about this blog



I started this blog in 2008. It started mainly as a way of tracking the evolution of my dry garden, and that led to an interest in photography and in the creatures that live in the garden. It's still about the garden and wildlife, but now my passion is thinking about how we humans can learn to co-exist with wild animals and plants, especially in urban areas.

Saturday, 28 February 2009

sequel to possum post

A recent post was about my success in rehousing a possum couple. The nest stayed empty so it seemed that the possums had settled in their new home. The pittosporums were getting thin and spindly. It was time to trim them radically.

As Greg climbed a ladder and waved his loppers he suddenly shouted: "There's a possum in this nest!" It was another possum, an unfamiliar possum, brown and looking a bit like a koala bear. The poor thing panicked and ran into the trees. It was a bright sunny day, much easier to get a clear shot than in the night.

11 comments:

  1. Maybe he knew you would find him a nice new fancy house :) I know we have possums here, but they look quite a bit different. I hope he finds a new home.

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  2. OMG!! He is quite big. Good shot-it is a koala?

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  3. Well, I guess the critters find your home (and your pittosporum) a favorite hang out. It says something about the owner.

    Will we get a third installment on the fate of this creature? :-)

    And thanks for the sweet comments on my blog. It's been a pleasure getting to know you.

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  4. Wow, I'm glad your husband didn't fall off the ladder in surprise:)

    That looks nothing like possums we know here...in fact, he's kind of cute (comparatively speaking). I'm not real crazy about their looks...but yours I might be able to get used to!

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  5. I enjoyed reading your blog this morning. I hope to come back and see how your garden progresses with the changes you're making to it. I have trouble keeping up with all this blogging, though. I'm not sure what's going to happen to my blogging when gardening season gets here.

    We had a possum family living under our deck last summer. I wonder if they'll be back. As far as that goes, maybe they're still there.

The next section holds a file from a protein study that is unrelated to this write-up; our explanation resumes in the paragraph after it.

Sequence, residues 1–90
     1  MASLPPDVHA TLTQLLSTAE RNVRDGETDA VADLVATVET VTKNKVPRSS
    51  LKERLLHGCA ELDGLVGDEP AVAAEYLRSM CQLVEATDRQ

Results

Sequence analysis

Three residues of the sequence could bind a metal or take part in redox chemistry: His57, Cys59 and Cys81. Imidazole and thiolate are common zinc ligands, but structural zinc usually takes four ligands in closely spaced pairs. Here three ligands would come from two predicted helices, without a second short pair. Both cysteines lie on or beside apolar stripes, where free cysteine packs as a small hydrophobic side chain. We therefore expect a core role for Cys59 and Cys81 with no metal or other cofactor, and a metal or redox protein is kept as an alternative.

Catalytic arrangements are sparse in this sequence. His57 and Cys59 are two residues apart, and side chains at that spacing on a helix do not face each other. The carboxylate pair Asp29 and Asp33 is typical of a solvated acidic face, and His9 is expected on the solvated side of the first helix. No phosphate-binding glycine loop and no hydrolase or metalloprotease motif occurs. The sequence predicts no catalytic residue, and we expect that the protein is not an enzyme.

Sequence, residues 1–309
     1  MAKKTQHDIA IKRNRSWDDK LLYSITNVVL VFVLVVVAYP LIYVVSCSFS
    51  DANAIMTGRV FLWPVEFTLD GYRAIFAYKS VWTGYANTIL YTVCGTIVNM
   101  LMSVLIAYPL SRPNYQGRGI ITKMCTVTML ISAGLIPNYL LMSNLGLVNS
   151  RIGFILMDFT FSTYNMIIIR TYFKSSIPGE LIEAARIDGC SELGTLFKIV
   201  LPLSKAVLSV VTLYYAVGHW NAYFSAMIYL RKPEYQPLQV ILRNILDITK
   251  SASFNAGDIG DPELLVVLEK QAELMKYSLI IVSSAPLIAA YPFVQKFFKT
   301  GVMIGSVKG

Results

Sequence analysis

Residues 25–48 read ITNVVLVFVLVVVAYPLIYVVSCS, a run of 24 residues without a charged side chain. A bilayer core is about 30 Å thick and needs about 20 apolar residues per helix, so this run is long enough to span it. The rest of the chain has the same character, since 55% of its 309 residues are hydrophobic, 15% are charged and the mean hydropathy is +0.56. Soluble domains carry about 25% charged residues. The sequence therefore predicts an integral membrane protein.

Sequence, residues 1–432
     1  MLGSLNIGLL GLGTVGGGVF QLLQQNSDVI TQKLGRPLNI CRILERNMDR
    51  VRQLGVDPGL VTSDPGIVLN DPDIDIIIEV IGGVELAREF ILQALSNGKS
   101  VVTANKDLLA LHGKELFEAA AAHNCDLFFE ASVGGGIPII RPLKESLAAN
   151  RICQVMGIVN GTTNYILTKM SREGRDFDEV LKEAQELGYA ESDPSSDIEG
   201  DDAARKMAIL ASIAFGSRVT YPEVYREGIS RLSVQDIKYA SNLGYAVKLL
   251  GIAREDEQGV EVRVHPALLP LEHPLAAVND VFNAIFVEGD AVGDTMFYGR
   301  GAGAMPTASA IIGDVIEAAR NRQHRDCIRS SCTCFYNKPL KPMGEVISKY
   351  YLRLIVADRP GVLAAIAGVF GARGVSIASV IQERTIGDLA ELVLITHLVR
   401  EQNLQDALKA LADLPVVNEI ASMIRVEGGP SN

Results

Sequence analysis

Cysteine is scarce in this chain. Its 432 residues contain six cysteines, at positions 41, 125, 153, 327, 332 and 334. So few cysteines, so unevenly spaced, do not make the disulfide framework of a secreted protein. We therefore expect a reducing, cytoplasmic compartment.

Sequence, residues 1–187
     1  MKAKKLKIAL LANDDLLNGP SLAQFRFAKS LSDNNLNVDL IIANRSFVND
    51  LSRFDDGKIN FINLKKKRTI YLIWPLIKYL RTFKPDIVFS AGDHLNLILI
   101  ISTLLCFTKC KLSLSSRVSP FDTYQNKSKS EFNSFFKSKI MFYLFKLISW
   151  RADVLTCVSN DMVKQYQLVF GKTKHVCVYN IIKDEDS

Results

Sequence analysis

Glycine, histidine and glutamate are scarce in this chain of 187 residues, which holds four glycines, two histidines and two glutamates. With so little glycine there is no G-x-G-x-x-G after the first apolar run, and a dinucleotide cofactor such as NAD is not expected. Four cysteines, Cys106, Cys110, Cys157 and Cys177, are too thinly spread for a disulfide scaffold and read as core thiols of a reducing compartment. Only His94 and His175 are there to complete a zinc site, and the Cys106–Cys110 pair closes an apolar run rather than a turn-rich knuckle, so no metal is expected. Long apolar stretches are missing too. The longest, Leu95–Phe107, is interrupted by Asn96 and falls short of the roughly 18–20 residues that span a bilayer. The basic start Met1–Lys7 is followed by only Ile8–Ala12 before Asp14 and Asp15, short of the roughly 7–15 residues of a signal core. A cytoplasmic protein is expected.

Have a great weekend!

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  6. The previous owners have probably sublet their old home (lol)

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  7. Gosh, I'd love to find a possum in my garden!
    I liked your post about the cubby. We have a tree house which is still in frequent use by hordes of invading teenagers and I love to hear them up there. I'll be quite sad when they don't need their den any more!
    Thanks for popping into my blog and I'm glad you enjoyed reading about my 'little' project.

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  8. I didn't even know possums were arboreal - although perhaps you've got a different kind there than we have in the Western U.S., the tails of our possums have no hair. I guess you're going to have to start putting up possum condos in your garden? congratulations on your earlier solution of making room for the wildlife and the garden. A good kind of story to pass around.

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  9. Very cute critter. It's nice to see your opossums are scared of humans still. The ones in my backyard are quite cheeky. As are the raccoons. They lumber across the fences and get fatter and fatter and come within 5' of me if I'm outside with a sandwich... Bah.

    Anyway!! Good job on creating a haven for them!

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  10. Neat photo! We've had them in our yard before - they often try to get into the trash cans.

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  11. This is a Brushtail Possum, which nests in hollows, not nests (or dreys, as they are known). Only ringtails build dreys.
    My guess is this one is sheltering temporarily and waiting to find a more suitable home.

    I have a ringtail in a drey nestled in a pittosporum outside my dining room window, which is lovely. I check on it every morning; sometimes it must stay in other residences, because it's not always there.

    The drey is getting mighty bedraggled so I'll try and get agreement to put up a nesting box for it. Thanks for this idea, Sue.

    Re: owls. Are you sure it was an owl, not a Tawny Frogmouth? If you had a Powerful Owl in your garden, it would not only need an enormous nestbox, you'd also inadvertantly be providing it with ready access to food: they eat possums!

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